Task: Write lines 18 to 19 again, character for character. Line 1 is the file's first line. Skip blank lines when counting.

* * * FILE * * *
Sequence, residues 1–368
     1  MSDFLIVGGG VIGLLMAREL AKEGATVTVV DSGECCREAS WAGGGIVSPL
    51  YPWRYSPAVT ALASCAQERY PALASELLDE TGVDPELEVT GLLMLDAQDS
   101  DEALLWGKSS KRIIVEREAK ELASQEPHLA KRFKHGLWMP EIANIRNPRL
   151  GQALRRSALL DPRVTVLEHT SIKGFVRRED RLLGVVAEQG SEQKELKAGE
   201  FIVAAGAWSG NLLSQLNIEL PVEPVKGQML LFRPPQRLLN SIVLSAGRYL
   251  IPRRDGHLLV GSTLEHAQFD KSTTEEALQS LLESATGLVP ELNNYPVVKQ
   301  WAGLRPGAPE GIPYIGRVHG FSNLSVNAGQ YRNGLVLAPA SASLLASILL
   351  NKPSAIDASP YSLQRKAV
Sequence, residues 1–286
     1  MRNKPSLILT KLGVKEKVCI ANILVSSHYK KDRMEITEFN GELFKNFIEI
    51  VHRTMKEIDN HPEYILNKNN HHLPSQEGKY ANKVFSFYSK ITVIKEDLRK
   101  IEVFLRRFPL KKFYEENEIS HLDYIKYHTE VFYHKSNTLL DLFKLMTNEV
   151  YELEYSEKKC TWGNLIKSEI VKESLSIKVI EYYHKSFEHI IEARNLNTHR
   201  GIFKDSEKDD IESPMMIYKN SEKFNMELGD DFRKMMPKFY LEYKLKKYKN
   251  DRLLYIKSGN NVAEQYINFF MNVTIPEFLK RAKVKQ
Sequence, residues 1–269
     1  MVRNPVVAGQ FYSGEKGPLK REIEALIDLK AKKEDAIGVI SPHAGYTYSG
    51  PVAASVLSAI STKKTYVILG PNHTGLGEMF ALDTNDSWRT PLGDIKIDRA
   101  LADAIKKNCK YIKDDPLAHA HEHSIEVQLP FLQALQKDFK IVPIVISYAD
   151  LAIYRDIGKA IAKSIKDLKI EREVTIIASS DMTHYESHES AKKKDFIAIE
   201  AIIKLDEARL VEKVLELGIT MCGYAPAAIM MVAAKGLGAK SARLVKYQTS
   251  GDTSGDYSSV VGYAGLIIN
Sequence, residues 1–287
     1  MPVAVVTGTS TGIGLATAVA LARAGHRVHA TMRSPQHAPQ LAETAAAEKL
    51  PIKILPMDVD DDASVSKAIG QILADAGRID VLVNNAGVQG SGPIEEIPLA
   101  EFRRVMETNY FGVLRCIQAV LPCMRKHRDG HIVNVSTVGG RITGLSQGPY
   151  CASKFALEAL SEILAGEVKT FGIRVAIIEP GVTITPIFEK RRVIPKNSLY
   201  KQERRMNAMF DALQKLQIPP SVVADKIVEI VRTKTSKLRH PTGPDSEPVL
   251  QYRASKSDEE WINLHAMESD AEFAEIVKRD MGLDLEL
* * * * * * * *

     1  MVRNPVVAGQ FYSGEKGPLK REIEALIDLK AKKEDAIGVI SPHAGYTYSG
    51  PVAASVLSAI STKKTYVILG PNHTGLGEMF ALDTNDSWRT PLGDIKIDRA